Since the CWS (College World Series) has misspelled college as “colllege” in their banner, I thought I would play with words today. I like words: I like how some sound (like the word banana — the syllables just roll off my tongue), how some are spelled (like Mississippi — thank you Jimmy Cricket for that spelling), and the meaning of some (like obsequious).
I have always liked words. When I worked with words on a daily, hourly and minute by minute basis, I would continually search for a new word, browsing through a dictionary, a thesaurus, or a magazine (Vanity Fair — when Tina Brown was editor — produced a myriad of great words — loved that magazine then). And there was one other place I learned new words.
I don’t remember his name, wouldn’t be able to pick him out in a crowd, but I can sure remember what he taught me. At that time, I was an editor for a trade magazine and most employees were engineers or architects. During the course of compiling information for one of his research projects we talked and discovered we both enjoyed words. We began a daily tease with each other. He would walk by my desk, really a stroll if I remember his walk, and he would simply say a word (vacillate, misnomer, adjure) and continue on his way. He had an office so I would walk by his door, make sure he did not have a guest, and say my word (ubiquitous, precipice, consort). It was fun, sometimes thought provoking.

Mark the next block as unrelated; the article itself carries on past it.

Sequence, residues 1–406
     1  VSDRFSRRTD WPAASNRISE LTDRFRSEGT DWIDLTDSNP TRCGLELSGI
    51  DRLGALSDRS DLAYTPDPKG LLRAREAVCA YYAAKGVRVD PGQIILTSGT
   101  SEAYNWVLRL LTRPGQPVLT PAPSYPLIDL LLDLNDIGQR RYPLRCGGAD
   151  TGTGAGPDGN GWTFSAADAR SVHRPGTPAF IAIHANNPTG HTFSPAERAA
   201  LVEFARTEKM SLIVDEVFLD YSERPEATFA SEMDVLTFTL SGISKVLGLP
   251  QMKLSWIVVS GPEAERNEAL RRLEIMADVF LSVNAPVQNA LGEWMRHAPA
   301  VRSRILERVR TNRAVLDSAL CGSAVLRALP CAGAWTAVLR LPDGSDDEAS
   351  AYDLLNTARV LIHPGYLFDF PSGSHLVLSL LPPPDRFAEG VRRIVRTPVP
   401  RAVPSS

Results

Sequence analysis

But, there was one word that I will never forget. It was a day when I stepped inside his office to give him his daily word. He looked at me and said “obsequious”. I had never heard that word before. Never. I asked him what it meant and he told me to look it up in the dictionary. He spelled the word for me and I went back to my favored book, the Webster dictionary — “overly submissive”. I needed to make my way back to his office. This time as I walked in, he said “a boot-lickin’ whimp, huh?” I smiled, shook my head, and went back to my desk.
He did have a way about him, didn’t he? He could take a word and give an accurate meaning where I would never forget its introduction and significance to my world. Today, obsequious is “a boot-lickin’ whimp” to me and always will be even though Webster has a different way of defining the word.